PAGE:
Language Selection

English French German Italian Portuguese Spanish

The Blender Foundation's "Big Buck Bunny" is a Peach!

Filed under
Software
Movies

The Blender Foundation’s second free-content movie, Big Buck Bunny, is the product of the foundation’s “Peach Open Movie” project, and the results are impressive. Like the previous Elephants Dream movie, this film pushes the technical envelope for the “Blender” free software 3D rendering and animation application; unlike it, it succeeds as pure entertainment.

There’s no denying that Elephants Dream was a sensational film release, but the only reason for its success was that it was a free-licensed, open source computer-animated 3D film. From an artistic and directorial perspective, it was a bit wanting.

By contrast, BBB aims for a lower artistic mark—it is, with neither prentence nor shame, a cartoon. However, also unlike Elephants Dream, this film squarely hits that mark: the film is delightfully funny and cute, and (in my opinion) entirely appropriate for children.

The Peach Open Movie project had specific orders to strike a more populist chord: it had to be cute, furry, and funny. No doubt this was partly to compensate for the shortcomings of Elephants Dream, but it was also simply to stay diverse, so as to cover more technical territory for Blender.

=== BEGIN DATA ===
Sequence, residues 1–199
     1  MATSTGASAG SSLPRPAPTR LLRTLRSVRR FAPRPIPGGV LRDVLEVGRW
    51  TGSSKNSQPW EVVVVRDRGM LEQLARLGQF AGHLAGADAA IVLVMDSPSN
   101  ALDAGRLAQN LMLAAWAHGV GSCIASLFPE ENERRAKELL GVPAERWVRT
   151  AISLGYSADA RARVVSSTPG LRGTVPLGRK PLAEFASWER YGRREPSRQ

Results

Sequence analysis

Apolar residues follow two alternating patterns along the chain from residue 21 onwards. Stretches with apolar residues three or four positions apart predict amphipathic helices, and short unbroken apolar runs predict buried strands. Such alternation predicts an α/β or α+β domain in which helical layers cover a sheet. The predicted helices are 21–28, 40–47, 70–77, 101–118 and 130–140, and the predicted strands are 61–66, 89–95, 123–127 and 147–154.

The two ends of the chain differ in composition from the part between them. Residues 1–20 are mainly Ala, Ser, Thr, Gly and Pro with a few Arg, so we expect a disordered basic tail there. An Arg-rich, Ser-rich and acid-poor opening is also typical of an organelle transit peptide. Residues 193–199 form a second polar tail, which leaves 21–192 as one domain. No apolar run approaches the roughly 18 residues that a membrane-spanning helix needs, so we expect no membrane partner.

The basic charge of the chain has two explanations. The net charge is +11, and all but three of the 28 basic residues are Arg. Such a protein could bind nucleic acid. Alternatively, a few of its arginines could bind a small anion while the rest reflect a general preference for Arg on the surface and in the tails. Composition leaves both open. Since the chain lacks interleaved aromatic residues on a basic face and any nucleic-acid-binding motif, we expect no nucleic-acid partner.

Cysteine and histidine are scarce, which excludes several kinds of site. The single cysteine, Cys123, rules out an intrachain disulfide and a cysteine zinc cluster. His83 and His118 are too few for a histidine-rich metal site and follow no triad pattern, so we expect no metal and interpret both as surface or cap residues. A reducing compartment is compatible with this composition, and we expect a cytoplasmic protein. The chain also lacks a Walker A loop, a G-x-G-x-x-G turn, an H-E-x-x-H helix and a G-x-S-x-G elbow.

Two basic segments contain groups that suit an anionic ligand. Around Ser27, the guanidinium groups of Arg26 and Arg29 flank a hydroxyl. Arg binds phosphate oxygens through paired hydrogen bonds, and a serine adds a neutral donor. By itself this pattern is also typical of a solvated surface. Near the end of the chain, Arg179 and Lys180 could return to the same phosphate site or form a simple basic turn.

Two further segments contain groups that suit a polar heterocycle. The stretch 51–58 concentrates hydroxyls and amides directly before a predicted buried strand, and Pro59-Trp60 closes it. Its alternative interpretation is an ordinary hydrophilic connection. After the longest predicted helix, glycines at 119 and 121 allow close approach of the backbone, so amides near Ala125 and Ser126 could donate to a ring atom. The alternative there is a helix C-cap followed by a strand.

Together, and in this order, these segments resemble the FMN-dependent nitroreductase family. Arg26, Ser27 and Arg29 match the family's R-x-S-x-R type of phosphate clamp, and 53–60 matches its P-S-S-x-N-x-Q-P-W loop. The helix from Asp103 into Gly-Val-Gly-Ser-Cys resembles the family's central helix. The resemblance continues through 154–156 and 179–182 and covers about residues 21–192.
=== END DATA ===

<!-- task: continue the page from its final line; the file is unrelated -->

More Here




More in Tux Machines

Android Leftovers

7 tools for analyzing performance in Linux with bcc/BPF

A new technology has arrived in Linux that can provide sysadmins and developers with a large number of new tools and dashboards for performance analysis and troubleshooting. It's called the enhanced Berkeley Packet Filter (eBPF, or just BPF), although these enhancements weren't developed in Berkeley, they operate on much more than just packets, and they do much more than just filtering. I'll discuss one way to use BPF on the Fedora and Red Hat family of Linux distributions, demonstrating on Fedora 26. BPF can run user-defined sandboxed programs in the kernel to add new custom capabilities instantly. It's like adding superpowers to Linux, on demand. Examples of what you can use it for include: Read more

Why the open source community needs a diverse supply chain

Diversity and inclusivity in the technology industry—and in open source communities more specifically—have received a lot of coverage, both on Opensource.com and elsewhere. One approach to the issue foregrounds arguments about concepts that are more abstract—like human decency, for example. But the "supply chain" metaphor works, too. And it can be an effective argument for championing greater inclusivity in our open organizations, especially when people dismiss arguments based on appeals to abstract concepts. Open organizations require inclusivity, which is a necessary input to get the diversity that reduces the risk in our supply chain. Read more

Red Hat: Kerala, Amazon and More